By early evening the storm subsided, and many of the men of the 13th New York SNG made their way into Cavetown, although their camp was located just outside of town limits. The New Yorkers saw few secessionists, and many of the New Yorkers were “growling” about their treatment. “Darn militia are not worth anything anyhow” wrote Colonel Woodward during his experience there. In the same letter to his father, Colonel Woodward recalled: “However, it does seem hard to make as many sacrifices as we have and then, when here, to be snubbed and maltreated. The three-years’ troops who are all here have everything.” It seemed as the colonel began to force blame onto Cavetown for the malnourished troops under his command.

Upon leaving Waynesboro, another issue came into play. The men carried everything in their knapsacks strung upon their backs during these long grueling marches and counter marches. They carried a canteen and eating utensils in their haversacks with no rations in them. The lack of food began to break down discipline. During the evening as Colonel Woodward waited out the storm, he noted that the lack of camp guards allowed the men to come and go as freely as they pleased.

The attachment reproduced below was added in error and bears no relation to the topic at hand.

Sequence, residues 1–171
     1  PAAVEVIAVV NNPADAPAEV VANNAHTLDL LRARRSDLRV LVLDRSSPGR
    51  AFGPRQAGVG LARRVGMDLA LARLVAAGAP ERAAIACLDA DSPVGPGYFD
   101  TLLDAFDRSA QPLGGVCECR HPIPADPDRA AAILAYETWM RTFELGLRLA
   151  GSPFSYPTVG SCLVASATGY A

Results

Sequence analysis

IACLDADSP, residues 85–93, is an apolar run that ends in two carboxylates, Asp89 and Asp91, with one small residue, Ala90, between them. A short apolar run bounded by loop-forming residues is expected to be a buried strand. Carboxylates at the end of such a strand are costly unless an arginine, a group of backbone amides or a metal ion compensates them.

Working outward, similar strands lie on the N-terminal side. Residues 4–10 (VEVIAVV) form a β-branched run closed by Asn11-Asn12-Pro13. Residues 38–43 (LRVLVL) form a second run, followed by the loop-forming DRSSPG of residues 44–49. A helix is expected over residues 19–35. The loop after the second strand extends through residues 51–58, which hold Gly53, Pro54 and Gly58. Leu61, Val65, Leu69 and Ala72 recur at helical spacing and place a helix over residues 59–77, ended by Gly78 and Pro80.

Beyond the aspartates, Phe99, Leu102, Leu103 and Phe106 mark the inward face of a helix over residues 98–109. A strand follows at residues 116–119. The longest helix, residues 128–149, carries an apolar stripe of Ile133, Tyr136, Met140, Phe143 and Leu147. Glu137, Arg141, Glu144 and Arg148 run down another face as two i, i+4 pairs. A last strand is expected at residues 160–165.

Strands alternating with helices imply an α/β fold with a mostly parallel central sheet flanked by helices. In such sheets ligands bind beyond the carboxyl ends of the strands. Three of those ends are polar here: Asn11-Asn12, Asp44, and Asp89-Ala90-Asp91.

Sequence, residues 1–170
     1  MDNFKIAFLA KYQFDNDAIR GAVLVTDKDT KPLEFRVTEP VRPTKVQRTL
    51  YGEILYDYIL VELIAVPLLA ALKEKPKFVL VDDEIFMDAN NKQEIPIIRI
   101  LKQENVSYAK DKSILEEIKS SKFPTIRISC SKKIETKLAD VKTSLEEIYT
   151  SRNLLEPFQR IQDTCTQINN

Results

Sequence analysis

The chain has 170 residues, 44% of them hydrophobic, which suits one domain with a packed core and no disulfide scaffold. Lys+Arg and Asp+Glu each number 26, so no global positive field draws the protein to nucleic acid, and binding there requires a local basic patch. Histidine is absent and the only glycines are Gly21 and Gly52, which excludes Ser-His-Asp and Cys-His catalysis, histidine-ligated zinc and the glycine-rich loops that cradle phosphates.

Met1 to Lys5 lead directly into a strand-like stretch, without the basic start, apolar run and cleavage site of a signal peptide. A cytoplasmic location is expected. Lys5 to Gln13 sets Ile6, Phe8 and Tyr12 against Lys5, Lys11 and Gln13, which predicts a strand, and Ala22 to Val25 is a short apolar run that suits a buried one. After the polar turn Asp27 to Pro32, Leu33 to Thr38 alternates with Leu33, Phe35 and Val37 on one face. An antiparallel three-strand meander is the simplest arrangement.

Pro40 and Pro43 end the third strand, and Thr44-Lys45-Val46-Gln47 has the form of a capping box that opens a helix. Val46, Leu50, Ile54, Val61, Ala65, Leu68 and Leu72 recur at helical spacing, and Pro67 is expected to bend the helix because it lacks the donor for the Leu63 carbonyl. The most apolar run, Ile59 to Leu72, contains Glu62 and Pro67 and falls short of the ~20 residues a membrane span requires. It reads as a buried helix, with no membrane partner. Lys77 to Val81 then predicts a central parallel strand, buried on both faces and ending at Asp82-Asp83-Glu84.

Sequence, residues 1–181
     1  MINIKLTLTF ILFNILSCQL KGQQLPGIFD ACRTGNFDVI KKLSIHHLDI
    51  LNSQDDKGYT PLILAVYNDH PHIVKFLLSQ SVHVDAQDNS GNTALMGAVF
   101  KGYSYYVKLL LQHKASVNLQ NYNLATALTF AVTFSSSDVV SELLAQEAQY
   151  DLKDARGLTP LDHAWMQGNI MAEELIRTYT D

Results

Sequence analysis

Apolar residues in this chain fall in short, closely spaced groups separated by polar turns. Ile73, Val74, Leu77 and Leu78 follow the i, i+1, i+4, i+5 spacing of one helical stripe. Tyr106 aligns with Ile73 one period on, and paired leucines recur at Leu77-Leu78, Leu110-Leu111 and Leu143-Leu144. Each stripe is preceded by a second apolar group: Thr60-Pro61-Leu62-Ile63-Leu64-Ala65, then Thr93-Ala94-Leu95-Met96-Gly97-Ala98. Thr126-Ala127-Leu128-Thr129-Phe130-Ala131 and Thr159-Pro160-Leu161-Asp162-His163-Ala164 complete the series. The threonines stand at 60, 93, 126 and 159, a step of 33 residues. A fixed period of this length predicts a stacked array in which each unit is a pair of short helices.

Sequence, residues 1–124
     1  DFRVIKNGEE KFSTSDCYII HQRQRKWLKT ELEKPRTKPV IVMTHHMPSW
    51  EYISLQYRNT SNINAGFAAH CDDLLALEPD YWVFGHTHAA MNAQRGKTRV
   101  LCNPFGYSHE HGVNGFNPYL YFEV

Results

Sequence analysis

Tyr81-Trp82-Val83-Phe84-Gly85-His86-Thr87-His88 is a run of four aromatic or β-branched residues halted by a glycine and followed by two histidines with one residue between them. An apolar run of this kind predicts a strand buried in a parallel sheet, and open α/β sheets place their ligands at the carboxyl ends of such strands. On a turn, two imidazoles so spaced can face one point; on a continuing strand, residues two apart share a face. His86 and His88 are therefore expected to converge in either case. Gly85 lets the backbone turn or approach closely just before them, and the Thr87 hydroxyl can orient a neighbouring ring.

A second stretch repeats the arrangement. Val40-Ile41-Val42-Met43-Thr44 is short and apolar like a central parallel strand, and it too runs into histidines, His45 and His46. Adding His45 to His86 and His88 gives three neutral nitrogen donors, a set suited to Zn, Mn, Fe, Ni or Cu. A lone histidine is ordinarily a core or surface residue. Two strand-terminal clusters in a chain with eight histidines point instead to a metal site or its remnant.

Colonel Woodward also penned about his brigade commander General Joseph Knipe. The colonel seems to take up issue, as did many other New Yorkers under the brigade commander’s command. Colonel Woodward even saw General Knipe strike down a teamster upon the wagon. Colonel Woodward noted that General Kinpe had some sort of grudge against the New Yorkers. He had threatened to give them hell, and Colonel Woodward, as well as other New York regimental commanders, all agreed that he had succeeded. As night came, with the ground being wet, and the soldiers cold from being wet, they began to tear down the worm fences for firewood.